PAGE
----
A new coffee storage shed at Simbai Station has brought a new breath of air for thousands of simple coffee growers in Middle Ramu District, particularly Simbai and Kovon LLG.
The permanent storage facility has a 2,000 bags (50kg) capacity and is the modern building in this remote station accessible by small aircrafts only from Mission Aviation Fellowship, Adventist Aviation Services, Heli Lift PNG and Central Aviation.
It was a simple and practical solution to bring coffee out from the rugged mountains of Simbai and Kovon where growers harvest all-year-round.
This was an initiative of Anglican Church (Aipo Rongo Diocese) in partnership with Coffee Industry Corporation’s Productive Partnerships in Agriculture Project (CIC-PPAP).
In only three weeks after construction of the shed, close to 500 parchment coffee bags (50kg) have been airlifted out of Simbai Station to Mt Hagen from this facility.
The parchment coffee bags are now overcrowding the Aipo Rongo Diocese office in Mt Hagen. A container purchased earlier has now become relevant with plans to purchase more.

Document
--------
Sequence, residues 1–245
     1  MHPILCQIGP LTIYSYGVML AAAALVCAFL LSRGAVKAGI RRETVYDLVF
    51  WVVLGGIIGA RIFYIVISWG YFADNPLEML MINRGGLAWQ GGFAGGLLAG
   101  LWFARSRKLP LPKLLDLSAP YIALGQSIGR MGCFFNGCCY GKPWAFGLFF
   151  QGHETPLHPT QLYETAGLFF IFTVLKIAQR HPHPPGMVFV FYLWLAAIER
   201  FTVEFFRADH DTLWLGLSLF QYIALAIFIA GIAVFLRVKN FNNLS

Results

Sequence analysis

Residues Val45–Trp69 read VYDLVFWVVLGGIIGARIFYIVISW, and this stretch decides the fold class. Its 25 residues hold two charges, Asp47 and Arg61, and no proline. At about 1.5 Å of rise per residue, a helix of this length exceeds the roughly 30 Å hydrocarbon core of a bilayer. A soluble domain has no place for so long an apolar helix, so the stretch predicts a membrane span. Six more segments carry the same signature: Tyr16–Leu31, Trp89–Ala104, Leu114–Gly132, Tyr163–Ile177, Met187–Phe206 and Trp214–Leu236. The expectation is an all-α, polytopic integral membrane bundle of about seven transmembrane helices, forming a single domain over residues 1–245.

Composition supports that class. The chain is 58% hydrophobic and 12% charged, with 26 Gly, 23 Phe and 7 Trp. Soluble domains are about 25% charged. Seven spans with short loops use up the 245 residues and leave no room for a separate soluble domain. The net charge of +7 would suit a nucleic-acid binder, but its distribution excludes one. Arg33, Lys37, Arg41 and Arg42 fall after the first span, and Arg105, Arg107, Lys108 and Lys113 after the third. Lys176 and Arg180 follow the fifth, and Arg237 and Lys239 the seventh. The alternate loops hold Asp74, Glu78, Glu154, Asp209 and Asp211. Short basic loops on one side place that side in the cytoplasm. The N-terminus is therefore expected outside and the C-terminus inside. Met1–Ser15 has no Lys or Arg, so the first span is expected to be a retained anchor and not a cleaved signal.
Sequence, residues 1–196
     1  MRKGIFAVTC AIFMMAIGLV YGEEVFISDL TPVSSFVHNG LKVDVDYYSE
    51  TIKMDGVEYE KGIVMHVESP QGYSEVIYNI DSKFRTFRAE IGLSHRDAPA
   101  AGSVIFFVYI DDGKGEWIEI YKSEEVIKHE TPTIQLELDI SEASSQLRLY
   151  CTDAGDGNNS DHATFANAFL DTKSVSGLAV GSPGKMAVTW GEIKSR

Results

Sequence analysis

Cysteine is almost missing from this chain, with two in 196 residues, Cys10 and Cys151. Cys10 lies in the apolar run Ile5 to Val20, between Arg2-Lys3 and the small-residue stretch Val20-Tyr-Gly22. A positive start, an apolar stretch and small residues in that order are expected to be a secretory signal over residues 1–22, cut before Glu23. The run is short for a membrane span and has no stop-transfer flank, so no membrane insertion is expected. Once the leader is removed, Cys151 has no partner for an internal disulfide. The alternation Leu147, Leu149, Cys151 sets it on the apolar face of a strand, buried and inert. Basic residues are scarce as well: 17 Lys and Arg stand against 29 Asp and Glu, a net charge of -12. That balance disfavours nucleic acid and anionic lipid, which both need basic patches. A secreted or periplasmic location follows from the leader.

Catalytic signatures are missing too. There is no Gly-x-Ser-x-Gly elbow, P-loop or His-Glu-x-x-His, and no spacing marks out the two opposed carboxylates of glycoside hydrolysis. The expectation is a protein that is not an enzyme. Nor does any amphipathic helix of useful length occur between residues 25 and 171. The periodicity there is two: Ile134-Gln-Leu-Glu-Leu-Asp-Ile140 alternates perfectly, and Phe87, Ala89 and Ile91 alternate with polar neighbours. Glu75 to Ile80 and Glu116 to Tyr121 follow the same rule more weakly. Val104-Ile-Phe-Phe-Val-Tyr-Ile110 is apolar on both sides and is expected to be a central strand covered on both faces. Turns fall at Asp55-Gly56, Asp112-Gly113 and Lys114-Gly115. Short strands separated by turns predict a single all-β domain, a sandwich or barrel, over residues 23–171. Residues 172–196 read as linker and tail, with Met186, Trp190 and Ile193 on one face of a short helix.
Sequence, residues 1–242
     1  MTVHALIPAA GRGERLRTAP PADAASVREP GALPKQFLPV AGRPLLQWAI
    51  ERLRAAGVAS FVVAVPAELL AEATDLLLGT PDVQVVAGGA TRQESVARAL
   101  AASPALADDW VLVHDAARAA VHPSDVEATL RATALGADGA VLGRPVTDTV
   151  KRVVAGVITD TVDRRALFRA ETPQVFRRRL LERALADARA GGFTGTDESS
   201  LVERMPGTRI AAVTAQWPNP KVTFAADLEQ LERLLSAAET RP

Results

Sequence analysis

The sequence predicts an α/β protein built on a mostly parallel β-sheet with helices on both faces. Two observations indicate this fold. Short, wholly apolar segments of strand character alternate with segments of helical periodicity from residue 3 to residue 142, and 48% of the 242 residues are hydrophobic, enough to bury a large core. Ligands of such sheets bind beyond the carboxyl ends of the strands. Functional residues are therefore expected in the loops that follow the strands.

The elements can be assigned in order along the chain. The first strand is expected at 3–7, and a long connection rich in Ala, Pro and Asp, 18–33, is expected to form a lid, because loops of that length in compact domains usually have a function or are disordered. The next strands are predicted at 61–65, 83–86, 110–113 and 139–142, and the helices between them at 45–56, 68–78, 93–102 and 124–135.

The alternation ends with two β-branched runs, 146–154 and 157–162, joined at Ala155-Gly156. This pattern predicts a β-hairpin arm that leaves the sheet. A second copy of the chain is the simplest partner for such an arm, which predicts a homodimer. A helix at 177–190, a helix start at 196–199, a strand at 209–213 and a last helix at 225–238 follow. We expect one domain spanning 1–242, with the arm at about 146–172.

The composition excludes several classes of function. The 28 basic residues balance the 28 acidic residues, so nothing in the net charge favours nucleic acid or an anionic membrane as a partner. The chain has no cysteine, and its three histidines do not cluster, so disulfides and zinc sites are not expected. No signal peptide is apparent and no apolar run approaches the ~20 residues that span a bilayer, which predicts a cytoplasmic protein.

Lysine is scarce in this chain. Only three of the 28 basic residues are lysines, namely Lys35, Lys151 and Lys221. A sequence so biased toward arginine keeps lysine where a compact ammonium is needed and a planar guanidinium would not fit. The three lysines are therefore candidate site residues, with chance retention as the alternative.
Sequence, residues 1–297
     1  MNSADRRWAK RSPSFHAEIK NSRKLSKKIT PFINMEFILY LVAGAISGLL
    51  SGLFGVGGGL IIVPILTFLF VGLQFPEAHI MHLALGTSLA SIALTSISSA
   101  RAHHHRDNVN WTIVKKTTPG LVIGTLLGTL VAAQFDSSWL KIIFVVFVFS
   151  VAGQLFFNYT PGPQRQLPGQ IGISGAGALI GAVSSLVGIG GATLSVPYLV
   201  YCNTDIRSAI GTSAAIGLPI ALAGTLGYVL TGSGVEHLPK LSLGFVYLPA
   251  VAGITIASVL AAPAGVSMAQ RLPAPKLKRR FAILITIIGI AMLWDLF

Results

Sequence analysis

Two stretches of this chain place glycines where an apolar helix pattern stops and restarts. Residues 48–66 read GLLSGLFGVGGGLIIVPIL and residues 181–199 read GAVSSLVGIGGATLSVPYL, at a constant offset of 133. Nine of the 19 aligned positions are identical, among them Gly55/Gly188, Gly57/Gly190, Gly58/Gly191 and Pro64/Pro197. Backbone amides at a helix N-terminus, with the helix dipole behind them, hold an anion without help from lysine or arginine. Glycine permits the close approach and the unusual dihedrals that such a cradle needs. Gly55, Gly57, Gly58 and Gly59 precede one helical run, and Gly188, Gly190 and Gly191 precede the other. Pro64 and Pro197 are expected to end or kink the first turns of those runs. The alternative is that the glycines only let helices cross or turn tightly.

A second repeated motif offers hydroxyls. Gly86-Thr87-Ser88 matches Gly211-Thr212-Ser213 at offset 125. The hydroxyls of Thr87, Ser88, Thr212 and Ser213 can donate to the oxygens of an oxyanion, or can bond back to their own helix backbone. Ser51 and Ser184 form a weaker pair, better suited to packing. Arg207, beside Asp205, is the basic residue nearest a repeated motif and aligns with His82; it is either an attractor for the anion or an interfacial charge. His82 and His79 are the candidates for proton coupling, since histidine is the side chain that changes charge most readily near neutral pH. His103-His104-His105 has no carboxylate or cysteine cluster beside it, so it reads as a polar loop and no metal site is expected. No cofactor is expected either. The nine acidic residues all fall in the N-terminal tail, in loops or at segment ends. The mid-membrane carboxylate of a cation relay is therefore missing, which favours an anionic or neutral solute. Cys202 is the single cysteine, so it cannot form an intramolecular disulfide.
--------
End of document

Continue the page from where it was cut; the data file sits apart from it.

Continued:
On Saturday 4 August, 80 bags (50kg) were airlifted by a Russian chopper on a backload from the storage shed located next to the airstrip.
The coffee bags are awaiting processing into green bean for export.
“This has never happened before and we’re excited. We believe something good is coming,” says lead partner Bishop Nathan Ingen of ACPNG.
The 28 meters by 8 meters coffee shed was officially opened on Friday 3 August, 2018 by CIC-PPAP manager Potaisa Hombunaka. The coffee manager also launched and handed over basic coffee rehabilitation tools and materials like spade heads, bush knives, pruning saws and hand pulpers to the growers.
“Our growers are very simple people with simple minds who are sensitive to price. Hence marketing is the key to get growers interested to remain in their coffee gardens,” said Mr Hombunaka.
“The idea behind the storage shed was to help growers deliver parchment coffee to a central location for group marketing of their coffee as green bean as opposed to individual sales of parchment coffee to ground buyers.”
“The issue of forex and national production is irrelevant to simple growers. We must focus on what they’re responsive to and the rest will take care of itself,” he added.
The growers shouted in excitement when the coffee manager also announced that he has talked to CIC to provide a mini huller to process their coffee to green bean before freighting to Hagen.